- Generous benefits. In addition to sector-appropriate salaries, we offer generous annual and sick leave; birthday comp time; quality medical, dental, and vision insurance (partially underwritten by our organization); short- and long-term disability; and a flex-spending plan. After one year, the organization contributes to each employee’s 403(b) plan. We also have a small gym on site to promote health and wellness. To stay current on employee needs, we conduct an annual poll to solicit opinions and suggestions about benefits and organizational rituals and traditions.
- Professional development. Our annual budget affords every staff member the opportunity to attend at least one conference or training, purchase books, and/or participate in classes that will advance the goals they develop with their supervisor.
- Ongoing mentorship. Managers invest in the success of new hires and the continued professional development of those they supervise. They schedule regular check-ins on a biweekly basis, though informal meetings happen informally throughout each week.
It’s important to note that these benefits and policies, and the highly capable staff that we can attract and retain through them, would not be possible without an engaged, supportive board of directors that understands how our organization works, respects staff, and appreciates the impact we can make.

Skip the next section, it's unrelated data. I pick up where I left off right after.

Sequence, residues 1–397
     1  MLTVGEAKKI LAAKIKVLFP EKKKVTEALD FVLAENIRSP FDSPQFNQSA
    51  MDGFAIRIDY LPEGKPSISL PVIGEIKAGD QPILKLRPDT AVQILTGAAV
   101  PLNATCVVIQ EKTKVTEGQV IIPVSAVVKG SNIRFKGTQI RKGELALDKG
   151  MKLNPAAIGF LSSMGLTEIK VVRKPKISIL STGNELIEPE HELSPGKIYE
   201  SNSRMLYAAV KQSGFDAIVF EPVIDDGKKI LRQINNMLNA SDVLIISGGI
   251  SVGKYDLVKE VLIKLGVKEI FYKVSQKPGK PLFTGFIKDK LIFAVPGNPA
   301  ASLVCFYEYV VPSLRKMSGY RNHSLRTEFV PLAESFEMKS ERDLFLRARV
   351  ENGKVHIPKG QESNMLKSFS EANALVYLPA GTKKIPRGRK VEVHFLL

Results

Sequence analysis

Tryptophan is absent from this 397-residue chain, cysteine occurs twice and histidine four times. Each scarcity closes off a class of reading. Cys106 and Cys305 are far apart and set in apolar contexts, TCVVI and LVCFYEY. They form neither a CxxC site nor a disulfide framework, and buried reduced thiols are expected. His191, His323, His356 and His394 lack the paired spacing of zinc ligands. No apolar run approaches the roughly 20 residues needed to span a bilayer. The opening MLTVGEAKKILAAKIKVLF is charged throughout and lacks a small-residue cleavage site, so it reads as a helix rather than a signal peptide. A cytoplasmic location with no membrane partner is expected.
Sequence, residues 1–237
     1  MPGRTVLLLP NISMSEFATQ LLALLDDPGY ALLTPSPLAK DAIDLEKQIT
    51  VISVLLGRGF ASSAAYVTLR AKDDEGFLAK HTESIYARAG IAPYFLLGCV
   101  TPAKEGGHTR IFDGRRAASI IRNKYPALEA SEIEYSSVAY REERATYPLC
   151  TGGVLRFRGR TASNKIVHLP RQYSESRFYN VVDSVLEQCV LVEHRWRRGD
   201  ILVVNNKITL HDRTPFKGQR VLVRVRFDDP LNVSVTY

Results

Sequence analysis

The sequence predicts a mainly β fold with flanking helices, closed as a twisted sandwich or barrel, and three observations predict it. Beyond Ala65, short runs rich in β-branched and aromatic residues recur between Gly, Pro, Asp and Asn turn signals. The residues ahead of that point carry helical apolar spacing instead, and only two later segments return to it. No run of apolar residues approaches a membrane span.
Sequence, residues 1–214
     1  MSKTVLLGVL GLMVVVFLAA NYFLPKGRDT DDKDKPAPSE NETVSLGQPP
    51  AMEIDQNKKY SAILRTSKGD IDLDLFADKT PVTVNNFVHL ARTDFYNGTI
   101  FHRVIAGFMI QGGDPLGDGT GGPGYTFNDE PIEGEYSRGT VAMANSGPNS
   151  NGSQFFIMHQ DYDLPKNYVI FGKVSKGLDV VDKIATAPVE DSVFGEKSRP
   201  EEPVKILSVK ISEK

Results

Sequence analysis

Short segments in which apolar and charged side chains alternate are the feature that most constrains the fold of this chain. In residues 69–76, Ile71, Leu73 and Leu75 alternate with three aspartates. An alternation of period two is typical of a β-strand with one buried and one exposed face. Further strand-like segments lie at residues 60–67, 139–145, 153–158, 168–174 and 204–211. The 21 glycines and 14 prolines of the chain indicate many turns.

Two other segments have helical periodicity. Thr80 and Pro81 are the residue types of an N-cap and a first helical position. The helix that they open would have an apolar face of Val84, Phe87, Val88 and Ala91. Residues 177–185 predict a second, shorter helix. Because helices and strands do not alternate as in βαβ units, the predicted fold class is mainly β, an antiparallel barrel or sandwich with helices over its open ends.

4. Hold people accountable with care. Professionals drawn to our organization hold themselves to high standards, but we are all human. When someone makes a mistake, our response is constructive and solution-oriented. We once lost some funding because of an internal error, and the staff member responsible for it felt terrible. Instead of blame, my response focused first on reassurance and understanding, and then on the teachable moment. The pertinent question was, “What can we learn from this?”—and we both identified ways to prevent repeating the same mistake.
Caring Really Does Work
Fostering a culture of care strengthens our organization. We see this in our recruitment efforts—current employees call Safe Shores a great place to work and refer new job applicants. Clients and other visitors consistently comment on the kind and helpful nature of our staff. People tell us that in spite of the difficult work we do, they get a good feeling from the moment they enter our building—their reception is welcoming, genuine, and professional.
Fostering a culture of care is a constant work in progress, but a recent email from a colleague suggests we’re on track: “I am so grateful for the way my life is coming together. As we spend the majority of our time at work, I truly believe the incredible environment I’m so lucky to work in is a huge part of that. ... I want to thank you all for promoting and sustaining a culture of self-care and care for others.”
To leaders who want to build an organization where staff members approach work, colleagues, and results with engagement, diligence, and optimism, I offer this advice: Follow the “life rules” as you build your organizational culture. They work just as well for adults as they do for kids.